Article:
New tolls on the Highway 520 bridge have reduced traffic so much that drivers are commonly traveling at 65 mph, maybe three times as fast as they're used to.

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New tolls on the Highway 520 bridge have reduced traffic so much that drivers are commonly traveling at 65 mph, maybe three times as fast as they’re used to.

“Clearly, 520 drivers’ adrenaline starts pumping when they see a road that’s usually a parking lot, wide open,” says Jim Bak, spokesman for the Kirkland-based INRIX traffic-data company.

Motorists are diverting to other roads, chiefly the toll-free Interstate 90 bridge. Regionally, commutes were 5 mph to 10 mph faster, because of the holidays, since tolls began on Dec. 29. Officials say this week will provide a more accurate picture — but on Friday the state Department of Transportation (DOT) hedged its bets by saying traffic might not settle until February, given the upcoming Martin Luther King Jr. holiday.

Monday morning, the prevailing speed on 520 was around 62 mph heading to the Eastside at 8:40 a.m., at the same time there were slowdowns on I-90 across Mercer Island. Earlier, a collision blocked some I-90 lanes entering Seattle.

INRIX’s analysis found, for example, that in the 5 p.m. hour on Jan. 3 the average speed approaching the bridge, heading from the Eastside to Seattle, was 65 mph near the 92nd Avenue Northeast overpass. Usually the average speed there is only 19 mph.

Toll rates vary by time of day, peaking at $3.50 each direction from 7 a.m. to 9 a.m. and from 3 p.m. to 6 p.m. Speed limits are variable, but the top limit is 50 mph on the bridge and 60 mph on land approaches.

Some drivers are crossing before 7 a.m. when the toll is $2.80, reducing congestion in the morning peak, the DOT update says. As of Thursday, about 59,000 toll payers crossed the bridge — half the standard volume.

But officials warned the real picture won’t be clear until February, once the disruptions of Christmas, New Year’s and Martin Luther King Jr. Day are in the rearview mirror.

The tolled 520 bridge and the toll-free I-90 bridge have swapped roles somewhat, says Bak.

While the toll-bridge traffic moves faster than before, the I-90 speeds are slower, he said. For instance, at 6:18 p.m. Jan. 3, the westbound speed was 64 mph at Medina, and only 23 through the Mercer Island lid — a reversal of the normal 29 mph at Medina and 61 mph at Mercer Island. DOT says rain and crashes have contributed to I-90 slowdowns.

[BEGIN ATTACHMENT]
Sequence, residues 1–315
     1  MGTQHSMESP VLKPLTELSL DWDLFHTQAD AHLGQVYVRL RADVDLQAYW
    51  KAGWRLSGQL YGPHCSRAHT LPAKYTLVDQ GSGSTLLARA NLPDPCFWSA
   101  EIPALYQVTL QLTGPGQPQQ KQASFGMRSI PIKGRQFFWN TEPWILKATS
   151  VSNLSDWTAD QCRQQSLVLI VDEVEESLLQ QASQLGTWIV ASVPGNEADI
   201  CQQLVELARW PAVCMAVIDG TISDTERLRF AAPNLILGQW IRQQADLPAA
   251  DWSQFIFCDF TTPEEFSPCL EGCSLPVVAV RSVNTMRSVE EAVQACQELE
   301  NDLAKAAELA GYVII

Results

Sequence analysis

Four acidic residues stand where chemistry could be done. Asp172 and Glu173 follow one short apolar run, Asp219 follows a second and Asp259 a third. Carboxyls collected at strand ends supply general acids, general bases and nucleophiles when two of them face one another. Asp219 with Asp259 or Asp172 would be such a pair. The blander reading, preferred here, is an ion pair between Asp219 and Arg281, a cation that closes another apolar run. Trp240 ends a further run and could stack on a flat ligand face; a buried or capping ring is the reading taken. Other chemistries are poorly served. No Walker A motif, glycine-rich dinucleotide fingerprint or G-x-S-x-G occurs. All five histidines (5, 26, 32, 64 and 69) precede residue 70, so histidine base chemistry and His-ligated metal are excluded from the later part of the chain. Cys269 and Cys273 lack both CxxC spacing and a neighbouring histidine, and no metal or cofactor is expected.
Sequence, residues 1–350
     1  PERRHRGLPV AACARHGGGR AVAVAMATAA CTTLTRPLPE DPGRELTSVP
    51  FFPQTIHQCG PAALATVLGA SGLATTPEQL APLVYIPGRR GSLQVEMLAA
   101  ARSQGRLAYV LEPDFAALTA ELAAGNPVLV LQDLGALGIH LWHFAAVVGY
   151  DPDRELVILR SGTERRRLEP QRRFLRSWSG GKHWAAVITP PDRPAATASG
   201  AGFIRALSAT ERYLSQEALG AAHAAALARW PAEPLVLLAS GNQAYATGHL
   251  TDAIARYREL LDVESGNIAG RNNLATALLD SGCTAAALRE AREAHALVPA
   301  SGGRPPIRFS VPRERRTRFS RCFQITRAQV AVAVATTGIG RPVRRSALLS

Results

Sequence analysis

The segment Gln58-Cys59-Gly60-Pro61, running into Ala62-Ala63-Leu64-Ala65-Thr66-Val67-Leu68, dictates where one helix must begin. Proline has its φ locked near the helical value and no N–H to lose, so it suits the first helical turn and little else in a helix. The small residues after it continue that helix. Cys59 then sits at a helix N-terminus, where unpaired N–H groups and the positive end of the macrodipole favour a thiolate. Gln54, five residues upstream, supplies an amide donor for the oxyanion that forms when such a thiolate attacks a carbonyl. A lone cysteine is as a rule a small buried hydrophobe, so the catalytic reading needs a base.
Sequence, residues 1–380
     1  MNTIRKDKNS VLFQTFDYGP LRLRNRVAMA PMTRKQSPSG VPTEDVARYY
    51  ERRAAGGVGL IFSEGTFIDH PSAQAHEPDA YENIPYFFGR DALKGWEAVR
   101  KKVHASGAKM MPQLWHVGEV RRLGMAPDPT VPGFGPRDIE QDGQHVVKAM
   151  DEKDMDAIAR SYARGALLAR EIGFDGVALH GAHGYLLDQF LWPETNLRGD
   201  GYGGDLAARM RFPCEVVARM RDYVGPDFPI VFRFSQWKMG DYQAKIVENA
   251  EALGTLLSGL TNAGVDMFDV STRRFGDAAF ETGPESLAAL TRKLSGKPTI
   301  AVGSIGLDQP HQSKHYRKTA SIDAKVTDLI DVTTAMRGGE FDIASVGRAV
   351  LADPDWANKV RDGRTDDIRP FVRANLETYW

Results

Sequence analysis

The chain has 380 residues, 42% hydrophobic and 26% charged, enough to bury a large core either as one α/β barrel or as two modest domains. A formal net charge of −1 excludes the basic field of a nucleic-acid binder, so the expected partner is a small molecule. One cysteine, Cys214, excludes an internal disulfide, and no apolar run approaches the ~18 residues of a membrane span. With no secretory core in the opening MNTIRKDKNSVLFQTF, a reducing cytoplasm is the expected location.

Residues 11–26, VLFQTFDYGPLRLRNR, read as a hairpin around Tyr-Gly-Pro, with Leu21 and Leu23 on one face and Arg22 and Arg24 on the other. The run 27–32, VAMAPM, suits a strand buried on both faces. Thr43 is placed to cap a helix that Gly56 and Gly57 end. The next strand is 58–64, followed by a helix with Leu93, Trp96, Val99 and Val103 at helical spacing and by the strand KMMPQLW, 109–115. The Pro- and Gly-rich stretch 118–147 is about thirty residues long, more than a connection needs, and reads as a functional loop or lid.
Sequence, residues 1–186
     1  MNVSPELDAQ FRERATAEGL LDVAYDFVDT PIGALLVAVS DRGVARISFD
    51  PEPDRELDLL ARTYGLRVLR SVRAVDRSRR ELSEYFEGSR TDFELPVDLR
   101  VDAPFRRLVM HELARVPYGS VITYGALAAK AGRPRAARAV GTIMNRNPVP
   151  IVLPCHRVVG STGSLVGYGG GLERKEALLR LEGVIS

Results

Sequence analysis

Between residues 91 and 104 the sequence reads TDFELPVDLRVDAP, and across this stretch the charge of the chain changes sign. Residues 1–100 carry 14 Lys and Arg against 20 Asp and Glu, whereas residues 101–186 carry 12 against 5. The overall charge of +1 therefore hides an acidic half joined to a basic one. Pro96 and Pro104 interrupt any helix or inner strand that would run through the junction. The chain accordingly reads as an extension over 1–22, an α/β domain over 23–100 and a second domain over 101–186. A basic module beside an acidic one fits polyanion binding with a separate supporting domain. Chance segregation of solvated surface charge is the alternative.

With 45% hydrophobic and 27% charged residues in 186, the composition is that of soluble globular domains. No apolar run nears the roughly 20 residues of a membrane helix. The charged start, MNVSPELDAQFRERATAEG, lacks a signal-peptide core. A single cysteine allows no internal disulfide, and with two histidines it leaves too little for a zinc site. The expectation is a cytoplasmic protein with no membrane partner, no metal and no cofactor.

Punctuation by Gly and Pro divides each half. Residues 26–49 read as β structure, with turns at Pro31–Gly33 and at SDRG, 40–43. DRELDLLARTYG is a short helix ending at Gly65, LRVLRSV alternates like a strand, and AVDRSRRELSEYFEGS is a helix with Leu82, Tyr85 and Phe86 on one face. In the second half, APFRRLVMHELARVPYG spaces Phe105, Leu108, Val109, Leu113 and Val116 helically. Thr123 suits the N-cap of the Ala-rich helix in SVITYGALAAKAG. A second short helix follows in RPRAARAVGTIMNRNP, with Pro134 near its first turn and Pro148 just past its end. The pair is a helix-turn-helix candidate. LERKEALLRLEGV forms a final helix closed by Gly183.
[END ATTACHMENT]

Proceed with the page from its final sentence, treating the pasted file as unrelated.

Some drivers say the toll bridge has become an executive highway, providing premium speed for the rich. The annual cost can exceed $1,600 if someone drives at peak times every workday.

But the decongestion helps transit riders, too, though some cross-lake buses are more crowded as people experiment with buses as an antidote to tolls.

Bryan Bucklin, of Seattle, estimates that his former 35- to 40-minute ride from Microsoft to Montlake is now as short as 15 minutes. “I intentionally started training myself to take the bus a year or so ago, in anticipation of tolling,” he said.

Friday morning on the bridge, someone driving the 50 mph speed limit at 8:40 a.m. would have been passed by a few dozen vehicles from Montlake to Medina, going roughly 65 mph.

In the westbound direction, a state trooper with red lights was following a driver across — however, there is no targeted speed patrol under way on 520, says Trooper Julie Startup.

The urge to speed is understandable, theorizes longtime Seattle resident Travis Winn, because so many Seattle streets have lower speed limits, bike lanes, curb barriers and higher parking fees. “I can imagine why people would want to,” said Winn, who was avoiding the toll bridge last week. “What’s wrong with going fast, when you can?”

Asked about the INRIX speed figures, a DOT spokeswoman replied: “We track travel times, we track traffic volumes, we do not intend to do speed studies in this area in the near future unless a safety issue develops. We are not an enforcement agency.”

Mike Lindblom:

206-515-5631 or mlindblom@seattletimes.com. On Twitter @mikelindblom.